Nov. 11 (Bloomberg) -- Treasury Minister Mark Hoban said he will introduce proposals next year to regulate the Payments Council, a banking-industry body that runs Britain’s payments system.
Hoban said in a speech in London yesterday that while Britain has a “world class” payments industry he wants it to be “even more responsive, innovative and competitive,’ according to remarks released by his office.
The Treasury, Bank of England and Financial Services Authority will spell out their plans early in 2012 and seek the views of banks and consumer groups before deciding the extent and shape of the overhaul. The decision to act follows a call from lawmakers to regulate the payments system.
Hoban wants the body to speed up implementing new technologies that would benefit consumers. He is seeking person-to-person payments via mobile phone, simplified direct debits and Internet payments to retailers direct from bank accounts.
Mutual Funds Including BlackRock Defend Use of Risky Derivatives
Leading asset-management firms are asking the U.S. Securities and Exchange Commission to use a light touch when tightening rules for how mutual and exchange-traded funds use derivatives.
In letters to the SEC this week, firms including BlackRock Inc., Vanguard Group Inc. and State Street Corp. argued that derivatives have a role to play in managing large asset portfolios.
BlackRock managing directors Joanne Medero and Ira Shapiro said in a Nov. 4 letter to the SEC that a set of mechanical rules ‘‘cannot take account of the diversity of derivatives and the multiplicity of ways they may be used by portfolio managers.’’ The letter said that when used ‘‘appropriately,’’ derivatives can be ‘‘effective tools’’ to achieve returns and control risks in funds.
SEC commissioners approved a first step toward rulemaking known as a ‘‘concept release’’ on Aug. 31, posing questions about funds’ leverage, diversification and valuation of holdings in derivatives. The agency is weighing whether it should intervene to ensure fund managers are properly gauging risk and could move to impose rules limiting leverage and concentration. The public comment period on the release closed this week.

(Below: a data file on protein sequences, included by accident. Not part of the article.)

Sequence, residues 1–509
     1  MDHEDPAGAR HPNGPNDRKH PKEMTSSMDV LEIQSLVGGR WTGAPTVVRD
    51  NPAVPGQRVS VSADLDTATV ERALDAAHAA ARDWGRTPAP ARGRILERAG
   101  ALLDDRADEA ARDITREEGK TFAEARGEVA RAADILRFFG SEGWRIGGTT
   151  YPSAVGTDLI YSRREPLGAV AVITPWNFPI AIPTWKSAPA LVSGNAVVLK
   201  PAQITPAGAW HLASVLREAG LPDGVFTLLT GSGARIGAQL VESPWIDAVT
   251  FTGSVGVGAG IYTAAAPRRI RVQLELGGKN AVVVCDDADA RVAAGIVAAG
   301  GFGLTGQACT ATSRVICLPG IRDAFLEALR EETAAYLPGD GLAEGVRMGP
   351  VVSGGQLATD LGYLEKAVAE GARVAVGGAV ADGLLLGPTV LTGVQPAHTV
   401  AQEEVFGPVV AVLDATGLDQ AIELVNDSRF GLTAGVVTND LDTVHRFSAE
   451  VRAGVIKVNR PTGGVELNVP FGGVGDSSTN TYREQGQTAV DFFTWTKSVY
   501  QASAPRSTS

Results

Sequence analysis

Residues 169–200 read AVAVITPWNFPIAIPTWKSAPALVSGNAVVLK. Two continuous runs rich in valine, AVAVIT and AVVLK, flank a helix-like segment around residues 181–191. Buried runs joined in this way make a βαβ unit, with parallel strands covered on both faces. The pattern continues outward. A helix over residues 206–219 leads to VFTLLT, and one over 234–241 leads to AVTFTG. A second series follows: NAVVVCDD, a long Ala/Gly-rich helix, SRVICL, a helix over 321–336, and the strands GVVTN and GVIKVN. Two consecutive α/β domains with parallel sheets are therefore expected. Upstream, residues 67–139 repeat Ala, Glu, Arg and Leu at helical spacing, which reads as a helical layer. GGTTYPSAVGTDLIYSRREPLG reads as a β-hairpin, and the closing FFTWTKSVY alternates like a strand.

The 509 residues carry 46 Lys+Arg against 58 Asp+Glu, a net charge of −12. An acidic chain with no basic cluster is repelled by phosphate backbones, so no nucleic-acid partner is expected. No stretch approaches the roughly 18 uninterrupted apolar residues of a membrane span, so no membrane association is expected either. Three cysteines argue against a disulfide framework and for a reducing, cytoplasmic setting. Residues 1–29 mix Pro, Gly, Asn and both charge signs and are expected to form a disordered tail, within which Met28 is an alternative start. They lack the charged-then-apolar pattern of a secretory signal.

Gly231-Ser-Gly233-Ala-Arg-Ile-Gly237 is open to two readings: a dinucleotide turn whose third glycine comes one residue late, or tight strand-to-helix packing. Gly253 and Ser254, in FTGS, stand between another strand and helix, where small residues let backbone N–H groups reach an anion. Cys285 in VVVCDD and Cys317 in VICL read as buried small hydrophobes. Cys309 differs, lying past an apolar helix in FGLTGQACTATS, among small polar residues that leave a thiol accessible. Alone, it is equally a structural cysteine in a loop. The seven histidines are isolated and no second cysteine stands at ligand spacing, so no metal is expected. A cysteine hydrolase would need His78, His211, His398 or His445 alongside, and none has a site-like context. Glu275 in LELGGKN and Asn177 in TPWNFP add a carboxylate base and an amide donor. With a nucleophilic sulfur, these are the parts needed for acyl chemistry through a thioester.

The SEC, which oversees mutual funds under the Investment Company Act of 1940, stopped approving applications for new exchange-traded funds that make significant use of derivatives in March 2010, pending a review of the practice.
For more, click here.
Investors Mistrust Chinese Audits, U.S. Accounting Watchdog Says
China should permit U.S. inspectors to review auditors in that country to improve investor confidence in the books of U.S.-listed firms, said James Doty, chairman of the board overseeing U.S.-registered auditors.
Doty told reporters at a conference in New York yesterday that the market mistrusts the value of the Chinese balance sheet.
Officials from Doty’s Public Company Accounting Oversight Board and the Securities and Exchange Commission went to China in July to discuss the possibility of joint audit inspections. A follow-up meeting in the U.S. was canceled by the Chinese last month and hasn’t been rescheduled, Doty said.
Doty said the Chinese have expressed concerns that the inspections could reveal state secrets. He said he’s hopeful that the negotiations will be able to continue as Guo Shuqing, 55, takes over the China Securities Regulatory Commission.
The board is funded by audited companies and overseen by the SEC. It has the authority to block registration of China-based auditors or to de-register them.
SEC Shouldn’t Force Admissions in Settlements, Canellos Says
George Canellos, head of the U.S. Securities and Exchange Commission’s New York office, said the agency should retain its policy of settling cases without requiring the subjects of its probes to admit wrongdoing.
Canellos’s comments come a day after U.S. District Judge Jed Rakoff questioned the agency’s standard policy in his review of a proposed $285 million settlement with Citigroup Inc., which the agency accused of misleading investors in a collateralized debt obligation.
‘‘It is 100 percent clear that the appropriate standard for us to follow is to settle without requiring admissions” of guilt, Canellos said yesterday at a banking regulation event in New York. The “key objectives” of a settlement are to remove individuals who commit wrongdoing from the industry and to deter other wrongdoing by filing a detailed complaint of the conduct in question, he said.
For more, click here.
Special Section: MF Global
MF Global Australia Administrators Seek Deutsche Bank Cash
Administrators of MF Global Holdings Ltd.’s Australian units have about half the A$313 million ($318 million) MF Global clients are owed and say the biggest difficulty will be collecting money from overseas counterparties.
Deutsche Bank AG is one of the foreign parties involved, Chris Campbell, a partner at Deloitte Touche Tohmatsu’s Australian unit, said in Sydney today. Deutsche Bank owes MF Global about A$48 million and hasn’t yet provided the administrators with a final accounting of closed-out positions, he said.
Amy King, a spokeswoman for Deutsche Bank in Australia, declined to comment immediately.